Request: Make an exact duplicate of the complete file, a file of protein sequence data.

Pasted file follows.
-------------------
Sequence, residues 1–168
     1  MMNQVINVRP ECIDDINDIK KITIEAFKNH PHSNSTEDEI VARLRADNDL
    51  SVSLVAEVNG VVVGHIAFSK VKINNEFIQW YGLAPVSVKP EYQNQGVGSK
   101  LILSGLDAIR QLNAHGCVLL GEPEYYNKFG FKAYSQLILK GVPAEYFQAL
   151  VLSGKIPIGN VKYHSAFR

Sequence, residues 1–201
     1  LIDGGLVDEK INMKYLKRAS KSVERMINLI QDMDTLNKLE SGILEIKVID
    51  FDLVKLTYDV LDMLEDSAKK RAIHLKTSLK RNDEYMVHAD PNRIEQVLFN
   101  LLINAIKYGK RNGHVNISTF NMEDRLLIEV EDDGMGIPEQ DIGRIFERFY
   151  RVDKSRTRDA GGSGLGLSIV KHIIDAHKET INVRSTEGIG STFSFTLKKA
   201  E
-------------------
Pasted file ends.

Sequence, residues 1–168
     1  MMNQVINVRP ECIDDINDIK KITIEAFKNH PHSNSTEDEI VARLRADNDL
    51  SVSLVAEVNG VVVGHIAFSK VKINNEFIQW YGLAPVSVKP EYQNQGVGSK
   101  LILSGLDAIR QLNAHGCVLL GEPEYYNKFG FKAYSQLILK GVPAEYFQAL
   151  VLSGKIPIGN VKYHSAFR

Sequence, residues 1–201
     1  LIDGGLVDEK INMKYLKRAS KSVERMINLI QDMDTLNKLE SGILEIKVID
    51  FDLVKLTYDV LDMLEDSAKK RAIHLKTSLK RNDEYMVHAD PNRIEQVLFN
   101  LLINAIKYGK RNGHVNISTF NMEDRLLIEV EDDGMGIPEQ DIGRIFERFY
   151  RVDKSRTRDA GGSGLGLSIV KHIIDAHKET INVRSTEGIG STFSFTLKKA
   201  E